RICHARD LITTLEJOHN: A knighthood? An OBE? I’d rather have a large VAT
My knighthood appears to have got lost in the post again this year. Same with the peerage I was expecting so I could take up my seat in the Lords and vote for the Brexit Bill.
Not that I’m a great fan of the honours system. Or any other kind of awards, come to that. They always seem to say more about those handing them out than they do about the recipients.
Take the recently announced Queen’s Birthday Honours. They were obviously drawn up by someone with a well-developed sense of humour. How else do you explain the decision to give a gong to Mark Carne, currently presiding over a complete meltdown on the railways?
Network Rail boss Mark Carne’s CBE honour comes as Northern Rail chaos, fare rises, strikes, delays and cancellations affect commuters
Carne, the head of Network Rail, has been given a CBE — one down from a knighthood, apparently. This at a time when thousands of trains have been cancelled as a result of an almighty, utterly predictable, cock-up over the introduction of new timetables.
Yesterday, for instance, we learned one reason for delays on the London commuter network was because trains have to stop outside Finsbury Park to change drivers.
It transpires that some drivers have not been trained, and are therefore unqualified, to take their engines through tunnels.
How difficult can that be? It’s not as if you can take a wrong turning. Trains run on rails, inside and outside of tunnels. A couple of toots on the whistle and Bob’s your uncle. I could do that, gissa job.
During the past four years, Carne has overseen endless delays, missed punctuality targets and mounting debt. That hasn’t stopped him becoming Britain’s best-paid public servant, on £820,000 a year.
Off the rails: Hundreds of services axed, countless…
Bus network shrinks with 3,000 routes axed in just eight…
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Nice work if you can get it.
So you might have thought that he would have sufficient self-awareness to turn down an honour — even if some flunkey or other was stupid enough to put his name on the list in the first place.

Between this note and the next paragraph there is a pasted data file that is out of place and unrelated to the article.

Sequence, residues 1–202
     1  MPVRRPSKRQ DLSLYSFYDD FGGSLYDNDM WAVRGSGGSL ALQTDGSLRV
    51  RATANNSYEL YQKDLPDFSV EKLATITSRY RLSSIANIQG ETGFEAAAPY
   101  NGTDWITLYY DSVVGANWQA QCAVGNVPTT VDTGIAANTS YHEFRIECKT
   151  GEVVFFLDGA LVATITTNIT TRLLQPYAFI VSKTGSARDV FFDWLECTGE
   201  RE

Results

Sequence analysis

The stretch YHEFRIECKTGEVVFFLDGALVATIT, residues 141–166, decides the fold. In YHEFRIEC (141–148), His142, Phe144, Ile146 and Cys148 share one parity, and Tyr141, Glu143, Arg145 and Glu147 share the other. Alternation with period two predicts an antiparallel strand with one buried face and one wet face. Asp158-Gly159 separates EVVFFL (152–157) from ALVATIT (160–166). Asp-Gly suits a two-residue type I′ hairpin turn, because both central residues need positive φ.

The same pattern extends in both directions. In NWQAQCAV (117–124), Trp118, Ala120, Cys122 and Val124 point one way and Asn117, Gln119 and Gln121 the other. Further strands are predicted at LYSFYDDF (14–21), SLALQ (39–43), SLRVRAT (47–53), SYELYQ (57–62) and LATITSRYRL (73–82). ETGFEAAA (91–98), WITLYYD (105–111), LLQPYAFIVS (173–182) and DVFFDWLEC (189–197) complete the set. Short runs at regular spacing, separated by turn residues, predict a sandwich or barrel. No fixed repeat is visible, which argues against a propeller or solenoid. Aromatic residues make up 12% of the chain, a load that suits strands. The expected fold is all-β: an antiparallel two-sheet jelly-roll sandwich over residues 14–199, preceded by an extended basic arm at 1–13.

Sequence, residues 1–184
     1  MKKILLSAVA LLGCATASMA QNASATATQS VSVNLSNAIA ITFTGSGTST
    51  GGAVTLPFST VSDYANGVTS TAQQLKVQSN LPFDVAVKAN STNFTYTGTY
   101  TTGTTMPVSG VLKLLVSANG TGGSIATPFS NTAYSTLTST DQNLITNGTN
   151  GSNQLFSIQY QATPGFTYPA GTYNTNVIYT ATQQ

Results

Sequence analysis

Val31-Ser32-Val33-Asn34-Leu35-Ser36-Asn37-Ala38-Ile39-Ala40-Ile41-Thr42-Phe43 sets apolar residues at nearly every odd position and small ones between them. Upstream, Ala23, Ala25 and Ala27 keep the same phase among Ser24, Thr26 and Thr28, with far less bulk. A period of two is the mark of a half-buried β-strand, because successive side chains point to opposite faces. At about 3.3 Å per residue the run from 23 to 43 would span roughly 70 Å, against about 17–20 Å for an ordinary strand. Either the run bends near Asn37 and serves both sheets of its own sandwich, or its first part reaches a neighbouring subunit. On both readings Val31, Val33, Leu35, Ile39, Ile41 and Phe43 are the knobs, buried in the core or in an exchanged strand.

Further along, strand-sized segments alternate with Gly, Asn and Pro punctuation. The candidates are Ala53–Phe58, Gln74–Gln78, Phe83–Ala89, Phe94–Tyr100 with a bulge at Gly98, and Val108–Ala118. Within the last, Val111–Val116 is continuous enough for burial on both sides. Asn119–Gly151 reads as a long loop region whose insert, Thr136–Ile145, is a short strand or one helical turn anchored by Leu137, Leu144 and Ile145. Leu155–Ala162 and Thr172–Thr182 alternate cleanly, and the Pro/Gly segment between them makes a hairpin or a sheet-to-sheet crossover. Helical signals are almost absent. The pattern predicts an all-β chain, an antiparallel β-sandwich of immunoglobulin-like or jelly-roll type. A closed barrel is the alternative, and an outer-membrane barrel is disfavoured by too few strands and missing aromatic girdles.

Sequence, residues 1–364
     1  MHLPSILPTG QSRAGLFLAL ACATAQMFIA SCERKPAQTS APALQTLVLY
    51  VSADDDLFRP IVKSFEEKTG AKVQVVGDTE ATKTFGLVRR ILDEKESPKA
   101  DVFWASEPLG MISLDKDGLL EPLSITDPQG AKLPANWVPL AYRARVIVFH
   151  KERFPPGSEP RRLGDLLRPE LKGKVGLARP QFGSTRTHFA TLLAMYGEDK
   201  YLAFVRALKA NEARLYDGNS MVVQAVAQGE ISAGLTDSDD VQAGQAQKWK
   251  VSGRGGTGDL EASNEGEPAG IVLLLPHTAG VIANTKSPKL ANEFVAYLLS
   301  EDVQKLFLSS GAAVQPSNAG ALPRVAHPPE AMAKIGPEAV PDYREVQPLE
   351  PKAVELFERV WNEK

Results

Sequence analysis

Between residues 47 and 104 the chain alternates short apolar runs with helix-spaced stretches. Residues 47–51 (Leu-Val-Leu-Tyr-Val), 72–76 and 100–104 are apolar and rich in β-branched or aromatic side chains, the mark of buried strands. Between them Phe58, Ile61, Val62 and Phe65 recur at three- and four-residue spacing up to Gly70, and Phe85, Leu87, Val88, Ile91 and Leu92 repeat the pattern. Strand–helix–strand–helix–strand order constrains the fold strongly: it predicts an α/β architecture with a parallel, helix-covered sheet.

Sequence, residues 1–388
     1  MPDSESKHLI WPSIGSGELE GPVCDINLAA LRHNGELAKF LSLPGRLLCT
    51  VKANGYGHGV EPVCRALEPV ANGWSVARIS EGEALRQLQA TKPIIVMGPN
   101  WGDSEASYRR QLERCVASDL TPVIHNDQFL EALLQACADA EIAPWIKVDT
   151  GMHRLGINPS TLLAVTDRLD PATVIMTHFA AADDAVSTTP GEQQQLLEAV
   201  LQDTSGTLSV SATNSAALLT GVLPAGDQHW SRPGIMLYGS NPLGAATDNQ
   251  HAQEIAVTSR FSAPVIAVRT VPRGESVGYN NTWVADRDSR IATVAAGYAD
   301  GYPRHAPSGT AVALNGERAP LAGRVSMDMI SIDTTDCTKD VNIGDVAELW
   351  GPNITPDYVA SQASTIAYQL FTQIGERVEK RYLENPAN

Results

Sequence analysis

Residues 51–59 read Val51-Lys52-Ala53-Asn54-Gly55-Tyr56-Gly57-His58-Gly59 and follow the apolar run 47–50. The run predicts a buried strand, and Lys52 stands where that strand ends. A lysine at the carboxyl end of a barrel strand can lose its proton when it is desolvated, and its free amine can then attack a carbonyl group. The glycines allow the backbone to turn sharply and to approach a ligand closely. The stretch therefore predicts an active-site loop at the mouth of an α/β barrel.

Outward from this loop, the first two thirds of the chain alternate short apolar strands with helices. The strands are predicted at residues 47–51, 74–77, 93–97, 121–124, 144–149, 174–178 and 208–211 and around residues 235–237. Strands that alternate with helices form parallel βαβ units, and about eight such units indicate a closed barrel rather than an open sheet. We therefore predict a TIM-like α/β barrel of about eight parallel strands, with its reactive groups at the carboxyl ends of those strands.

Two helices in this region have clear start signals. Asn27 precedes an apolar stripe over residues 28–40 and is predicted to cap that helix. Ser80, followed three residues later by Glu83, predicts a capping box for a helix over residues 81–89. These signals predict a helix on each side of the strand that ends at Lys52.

For a start, if you’re a captain of industry, then a CBE is very much a consolation prize. It might stand for Commander of the Most Excellent Order of the British Empire, but you still don’t get the royal sword on your shoulder or the title ‘Sir’ in front of your name.
So why would you want one? Most people don’t know the difference between a CBE and an OBE.
Frankly, I’d rather have a BLT and a large VAT.
I’ve never understood giving them out to sportsmen and women, either. If you’ve got an Olympic medal, an OBE is pretty much worthless.
Jermain Defoe, was also awarded an OBE in the Queen’s Birthday Honours list, at Lancaster House, London
Not that I’m belittling those who have accepted minor honours. Footballer Jermain Defoe deserves recognition for his inspirational devotion to Sunderland fan Bradley Lowery, who died, aged six, from a rare form of cancer. To his great credit, Defoe admitted to mixed emotions over the OBE he has been awarded. But I’m sure he’d swap it for a World Cup winner’s medal any day of the week.
Every once in a while, whoever’s turn it is to be Prime Minister promises that the honours system will be reformed, to make it more democratic and recognise the achievements of what are known patronisingly as ‘ordinary’ people.
Johnny Major, I seem to remember, made great play of handing out medals to roadsweepers and bus drivers from his old stamping ground of Brixton.
This year’s beneficiary featured Britain’s longest-serving poppy seller, 103-year-old great-grandmother Rosemary Powell, who got an MBE.
Hearty congratulations to her. If anyone deserves a damehood, it is Mrs Powell for the selfless life she has given to raising money for our ex-servicemen.
But while a few sweeties were strewn before the plebs, most of the prime goodies were — and remain — reserved for the great and good, the conga line of entitled ex-politicians, quangocrats and luvvies.